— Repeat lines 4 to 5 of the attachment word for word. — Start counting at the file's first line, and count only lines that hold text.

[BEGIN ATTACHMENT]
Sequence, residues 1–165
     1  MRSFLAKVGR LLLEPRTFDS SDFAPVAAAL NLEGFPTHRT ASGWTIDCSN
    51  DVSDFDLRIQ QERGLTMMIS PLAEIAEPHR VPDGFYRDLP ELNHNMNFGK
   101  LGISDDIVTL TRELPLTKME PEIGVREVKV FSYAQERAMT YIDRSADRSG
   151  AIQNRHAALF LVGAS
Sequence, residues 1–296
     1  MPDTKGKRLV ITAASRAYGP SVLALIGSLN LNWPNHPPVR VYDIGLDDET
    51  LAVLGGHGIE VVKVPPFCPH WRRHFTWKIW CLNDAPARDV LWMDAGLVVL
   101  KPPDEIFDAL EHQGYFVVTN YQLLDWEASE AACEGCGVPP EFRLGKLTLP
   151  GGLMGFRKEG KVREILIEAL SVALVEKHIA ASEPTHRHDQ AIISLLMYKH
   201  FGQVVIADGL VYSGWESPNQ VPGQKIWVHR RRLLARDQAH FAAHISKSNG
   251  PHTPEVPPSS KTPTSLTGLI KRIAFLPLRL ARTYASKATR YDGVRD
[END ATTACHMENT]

   101  LGISDDIVTL TRELPLTKME PEIGVREVKV FSYAQERAMT YIDRSADRSG
   151  AIQNRHAALF LVGAS